First Sentence: The wagon and team came jouncing and creaking around the foot of the hill and up the dry creek bed, but the portly man in the black broad-brimmed hat and the dark suit didn’t know that.
Back of the book:
Little Sister Death is the stunning ‘lost’ horror novel of the late William Gay. Inspired by the famous 19th Century Bell Witch haunting of Tennessee, it follows the unraveling life of David Binder, a writer who moves his young family to a haunted farmstead to try and find inspiration for his faltering work.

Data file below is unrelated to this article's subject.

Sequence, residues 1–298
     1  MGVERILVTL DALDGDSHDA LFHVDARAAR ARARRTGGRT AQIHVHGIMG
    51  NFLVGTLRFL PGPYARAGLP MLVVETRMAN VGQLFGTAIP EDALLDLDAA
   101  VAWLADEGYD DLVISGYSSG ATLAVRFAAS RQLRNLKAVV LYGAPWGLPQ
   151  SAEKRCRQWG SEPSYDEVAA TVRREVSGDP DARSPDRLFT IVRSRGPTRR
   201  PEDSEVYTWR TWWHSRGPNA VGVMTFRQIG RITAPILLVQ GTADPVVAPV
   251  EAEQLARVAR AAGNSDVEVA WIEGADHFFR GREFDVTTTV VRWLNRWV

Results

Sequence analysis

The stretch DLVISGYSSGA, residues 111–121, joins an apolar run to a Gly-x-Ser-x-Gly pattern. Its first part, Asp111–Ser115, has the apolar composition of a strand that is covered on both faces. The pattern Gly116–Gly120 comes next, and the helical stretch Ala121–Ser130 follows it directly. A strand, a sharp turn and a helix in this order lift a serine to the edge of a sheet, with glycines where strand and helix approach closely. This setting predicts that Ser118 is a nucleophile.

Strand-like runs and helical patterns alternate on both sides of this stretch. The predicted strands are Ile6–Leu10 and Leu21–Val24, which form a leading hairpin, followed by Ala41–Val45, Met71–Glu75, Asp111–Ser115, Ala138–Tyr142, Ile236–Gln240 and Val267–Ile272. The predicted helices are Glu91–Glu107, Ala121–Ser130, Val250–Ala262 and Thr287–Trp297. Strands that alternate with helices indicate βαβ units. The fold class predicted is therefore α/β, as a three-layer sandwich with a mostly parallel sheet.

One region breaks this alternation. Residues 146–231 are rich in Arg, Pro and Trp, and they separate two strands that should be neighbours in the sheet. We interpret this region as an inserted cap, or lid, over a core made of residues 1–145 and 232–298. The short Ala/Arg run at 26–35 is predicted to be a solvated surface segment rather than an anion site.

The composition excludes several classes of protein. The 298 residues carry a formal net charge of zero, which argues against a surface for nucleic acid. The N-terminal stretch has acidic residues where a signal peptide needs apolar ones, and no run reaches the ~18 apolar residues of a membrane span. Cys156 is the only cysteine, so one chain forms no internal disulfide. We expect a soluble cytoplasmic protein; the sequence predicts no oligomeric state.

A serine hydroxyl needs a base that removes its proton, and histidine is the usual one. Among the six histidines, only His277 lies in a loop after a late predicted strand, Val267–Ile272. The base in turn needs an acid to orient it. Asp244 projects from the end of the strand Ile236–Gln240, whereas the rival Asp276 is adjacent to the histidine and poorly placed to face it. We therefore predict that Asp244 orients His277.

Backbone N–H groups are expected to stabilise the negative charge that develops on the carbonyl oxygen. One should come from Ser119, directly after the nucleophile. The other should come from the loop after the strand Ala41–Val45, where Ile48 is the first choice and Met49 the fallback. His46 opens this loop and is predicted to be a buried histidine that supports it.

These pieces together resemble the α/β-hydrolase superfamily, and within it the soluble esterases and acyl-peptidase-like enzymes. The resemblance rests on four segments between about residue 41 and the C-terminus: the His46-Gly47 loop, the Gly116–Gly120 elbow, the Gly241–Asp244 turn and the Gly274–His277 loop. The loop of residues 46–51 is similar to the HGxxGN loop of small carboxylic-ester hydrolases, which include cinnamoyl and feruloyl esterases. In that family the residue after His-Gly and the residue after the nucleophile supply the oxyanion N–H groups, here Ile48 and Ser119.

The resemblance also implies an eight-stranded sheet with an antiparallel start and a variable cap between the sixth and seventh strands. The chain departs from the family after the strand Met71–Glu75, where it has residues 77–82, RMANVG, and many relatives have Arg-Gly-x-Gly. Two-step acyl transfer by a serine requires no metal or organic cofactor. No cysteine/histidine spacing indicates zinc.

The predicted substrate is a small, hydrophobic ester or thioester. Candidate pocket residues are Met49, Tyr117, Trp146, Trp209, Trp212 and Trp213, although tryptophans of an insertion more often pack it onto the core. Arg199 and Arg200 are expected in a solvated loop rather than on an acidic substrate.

Beautifully written and structured, Little Sister, Death is a loving and faithful addition to the field of classic horror writing, eschewing any notions of irony or post-modern tricks as it aims, instead, straight for your soul.
Quote from the book:
Banked clouds rose in the southwest, momentarily obscured the sun. Winds behind or inside them drove them, the smooth surface roiling on itself like the aftermath of an explosion, the blossoming of some grotesque flower.
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Last Sentence: So it might be best not to think about that stuff at all.